Writing Tips: Managing Multiple Plot and Character Arcs

Managing Multiple Plot and Character Arcs

Managing Multiple Plot and Character ArcsI don’t know about you, but I LOVE when stories with a bunch of plot and character arcs. These stories have a lot going on, which keeps things exciting. It also feels more true to life. Sometimes we make things happen, sometimes things happen to us. Our lives are never linear, so your characters’ shouldn’t be either.

But balancing different storylines and character arcs can be overwhelming–both for you and your reader. There’s a lot to think about and a lot to consider. You need to keep your reader interested in each plot throughout the course of the book, but if you throw too much at them at once or at the wrong time, you risk losing or confusing your audience.

With that in mind, here are four tips that I’ve found helpful when managing multiple plots and character arcs.

Each plot and character arc should have the same basic structure as your book

Make sure each storyline has its own beginning, middle, and end, complete with its own set of raising actions. Personally, I find it helpful to plot each storyline out with this 3-act plot structure, just as I do the book itself. The subplots may not be as long, detailed or as in-depth as the main plot, but they should be complete and thought out. Approaching plot and character arcs as individually as you do a book will force you to give each one time, attention, and direction.

Think of each storyline independently

Going off the point above, I also find it really helpful to plan each storyline independent from the rest of the book. I’m an outliner, but when I plan a book, I don’t dive right into an outline. Instead, I plan each storyline out on its own, in its entirety. This includes using the plot structure in the point above, then freewriting the storyline from start to finish. This way I know what the important scenes are, the pacing, and everything else that needs to happen. Then I consider how it fits into the whole book.

It’s also worth noting that this doesn’t necessarily have to happen before you write your first draft. It can also happen after your first or second if that works better for you. Sometimes, you need to write to discover what your storylines are. However, I would suggest mapping your plotlines out in the early stages of the revision process at the latest. In my experience, the closer you get to finishing your book, the more challenging it will be to iron out plot problems.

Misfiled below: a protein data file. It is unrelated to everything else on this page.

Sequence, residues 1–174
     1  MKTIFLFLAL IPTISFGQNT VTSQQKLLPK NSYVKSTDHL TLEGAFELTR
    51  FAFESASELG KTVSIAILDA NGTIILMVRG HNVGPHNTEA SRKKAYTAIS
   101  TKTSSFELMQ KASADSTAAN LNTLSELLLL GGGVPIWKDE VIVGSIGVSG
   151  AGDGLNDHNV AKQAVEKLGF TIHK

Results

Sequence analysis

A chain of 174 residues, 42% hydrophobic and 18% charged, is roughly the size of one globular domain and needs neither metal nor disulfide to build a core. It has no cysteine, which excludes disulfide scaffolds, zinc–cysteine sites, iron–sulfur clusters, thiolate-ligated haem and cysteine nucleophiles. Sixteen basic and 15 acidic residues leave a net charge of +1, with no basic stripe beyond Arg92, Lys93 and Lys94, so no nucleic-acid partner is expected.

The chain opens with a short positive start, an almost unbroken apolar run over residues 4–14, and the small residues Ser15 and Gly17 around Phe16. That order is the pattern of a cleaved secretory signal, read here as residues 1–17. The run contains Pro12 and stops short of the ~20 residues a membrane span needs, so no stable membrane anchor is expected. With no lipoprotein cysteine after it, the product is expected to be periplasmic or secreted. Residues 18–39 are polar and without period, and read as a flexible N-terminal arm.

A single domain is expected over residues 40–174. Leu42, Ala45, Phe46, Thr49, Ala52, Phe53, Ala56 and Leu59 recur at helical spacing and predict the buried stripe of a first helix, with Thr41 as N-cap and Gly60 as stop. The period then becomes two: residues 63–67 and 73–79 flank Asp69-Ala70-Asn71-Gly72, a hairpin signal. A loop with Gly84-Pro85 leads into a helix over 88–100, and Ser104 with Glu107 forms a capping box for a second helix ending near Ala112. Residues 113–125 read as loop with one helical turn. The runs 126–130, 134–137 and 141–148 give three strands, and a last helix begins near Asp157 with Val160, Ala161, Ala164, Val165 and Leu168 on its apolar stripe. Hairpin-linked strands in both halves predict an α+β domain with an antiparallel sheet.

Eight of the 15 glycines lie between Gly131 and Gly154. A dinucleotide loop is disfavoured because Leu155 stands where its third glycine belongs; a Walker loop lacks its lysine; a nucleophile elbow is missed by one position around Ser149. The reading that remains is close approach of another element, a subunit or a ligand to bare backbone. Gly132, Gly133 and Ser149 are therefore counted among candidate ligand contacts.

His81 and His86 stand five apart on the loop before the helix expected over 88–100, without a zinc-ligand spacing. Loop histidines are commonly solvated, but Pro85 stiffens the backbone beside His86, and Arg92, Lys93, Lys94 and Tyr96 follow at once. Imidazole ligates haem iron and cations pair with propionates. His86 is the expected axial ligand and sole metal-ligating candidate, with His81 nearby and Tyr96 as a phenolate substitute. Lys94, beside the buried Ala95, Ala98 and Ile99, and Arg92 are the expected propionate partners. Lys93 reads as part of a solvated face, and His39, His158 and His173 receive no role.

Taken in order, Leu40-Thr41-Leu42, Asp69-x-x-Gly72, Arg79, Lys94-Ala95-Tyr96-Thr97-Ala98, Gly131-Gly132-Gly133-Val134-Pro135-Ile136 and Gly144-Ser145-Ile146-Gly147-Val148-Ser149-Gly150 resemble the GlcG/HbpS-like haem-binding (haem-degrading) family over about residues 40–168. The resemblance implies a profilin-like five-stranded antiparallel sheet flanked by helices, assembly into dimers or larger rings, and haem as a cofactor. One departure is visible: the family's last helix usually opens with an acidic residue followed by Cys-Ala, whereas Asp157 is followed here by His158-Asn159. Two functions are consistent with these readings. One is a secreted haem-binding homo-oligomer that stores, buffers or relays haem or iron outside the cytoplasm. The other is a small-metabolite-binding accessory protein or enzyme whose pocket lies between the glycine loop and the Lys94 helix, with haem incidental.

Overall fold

Personal Process Tip: If you’re an outliner, try color coding your outline. Give each plotline an assigned color, then write out each scene in the appropriate color. This way, when you look at your outline, you’ll have a sense of how balanced your story is. Here’s an example from my Instagram.

Some plotlines should be smaller and shorter than others

If all of your storylines share the same length and importance, it’s going to be incredibly overwhelming to your reader. An easy way to control importance is to consider the stakes. For example, let’s look at Harry Potter. Each book has several storylines running through it. The biggest and most important is typically related to Voldemort–those stakes are life and death. There then tends to be a secondary storyline that is more immediately dangerous or harmful, but you can be pretty sure the main characters are going to make it out alive. Then there are a handful of school and personal storylines that are problematic for their own reasons but don’t threaten the physical safety of the main characters. Each of these storylines has their moments and serves a purpose, but typically only two or three of them play a constant and active role through an entire book.

They should all be connected in some way

None of your plotlines or character arcs should be completely independent of one another. They should all be serving either your overarching main plot or your main character’s overall development–ideally, both. If your storylines don’t connect, they will often confuse and distract your reader. Readers might spend time fixating on the point of the storyline instead of fully experiencing your book. This interferes with the story you’re trying to tell. The more connected your plotlines are, the tighter and more engaging your story will read.

However, this doesn’t mean the connections have to be obvious from the start. It’s okay if the link between two storylines is a brilliant plot twist towards the end of the book. In fact, that’s often a lot of fun. Just make sure there is a logical connection at some point before the end of your novel.

I hope this gives you a good idea how to manage multiple plot and character arcs!

Now it’s your turn: Have you struggled with managing multiple plot and character arcs? What’s been particularly problematic for you? What’s helped you? Tell me about it in the comments!

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